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Massachusetts Bay Colony

Thomas Morton liked the lush country, the Indians liked Thomas—and the stern Puritans cared little for either

The broad expanse of ocean that separated Plymouth from Mother England helped create a novel experiment in democracy that grew as the American colonies expanded.

She was, said Governor Winthrop, an American Jezebel

It would have been no pleasant thing for any defendant to hear John Winthrop, governor of the Massachusetts colony, declaim the serious charges brought against Anne Hutchinson at her trial in 1637. Read more >>

Many a book, a magazine, a play, a movie, has been banned in Boston. But Christmas?

Many a book, a magazine, a play, a movie, has been banned in Boston. But Christmas? Read more >>

Did the Fathers in 1620 really land on that famous slab of granite? Through the haze of myth that surround it, a profound truth may be dimly seen

Above the rush of wind and water could be heard their hymns of praise as they sprang from the shallop onto the rock, the stern-faced men in wide-brimmed pot hats, the women modestly poised between this world and the next. Read more >>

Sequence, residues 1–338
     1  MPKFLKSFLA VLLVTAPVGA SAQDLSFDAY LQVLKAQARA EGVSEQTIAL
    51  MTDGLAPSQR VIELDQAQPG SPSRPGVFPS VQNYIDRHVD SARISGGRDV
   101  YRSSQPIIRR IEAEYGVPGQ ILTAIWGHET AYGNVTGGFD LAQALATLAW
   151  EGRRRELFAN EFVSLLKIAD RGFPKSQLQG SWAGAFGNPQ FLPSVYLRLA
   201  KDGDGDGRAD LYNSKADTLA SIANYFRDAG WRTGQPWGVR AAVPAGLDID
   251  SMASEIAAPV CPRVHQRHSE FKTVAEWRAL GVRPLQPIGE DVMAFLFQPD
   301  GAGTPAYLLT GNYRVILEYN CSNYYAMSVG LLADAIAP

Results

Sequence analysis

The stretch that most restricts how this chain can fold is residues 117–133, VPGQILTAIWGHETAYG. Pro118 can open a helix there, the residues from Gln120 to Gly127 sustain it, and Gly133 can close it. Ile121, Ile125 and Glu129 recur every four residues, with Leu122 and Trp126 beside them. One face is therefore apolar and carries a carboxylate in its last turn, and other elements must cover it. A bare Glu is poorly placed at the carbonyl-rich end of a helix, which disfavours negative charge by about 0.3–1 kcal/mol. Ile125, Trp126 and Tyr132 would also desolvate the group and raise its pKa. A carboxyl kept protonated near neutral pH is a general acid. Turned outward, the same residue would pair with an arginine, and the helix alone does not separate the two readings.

Thus Margaret Winthrop to her spouse, the governor of the Bay Colony. Her letters—and John’s in reply—reveal behind the cold Puritan exterior a warm and deeply touching relationship

How far back in American history can we find the old shell game in operation? Alas, pretty far. It is as old as money, or the shortage thereof. Read more >>

Roger Williams liked Indians and almost everyone else, and he founded a colony that gave our freedom a broader horizon

There is a legend about Roger Williams that is exceedingly popular among Americans. There is also a truth which is slowly emerging from the welter of fancies. The truth is less simple than the legend, for most legends are oversimplifications. But it has some even more dramatic aspects than the beloved myth and it accords better, too, with the mental development of the normal human being. If it dims the halo of this pioneer of American liberty, it gives him a warmth, a nearness to ourselves that we could hardly feel while he stood on the pedestal. Read more >>

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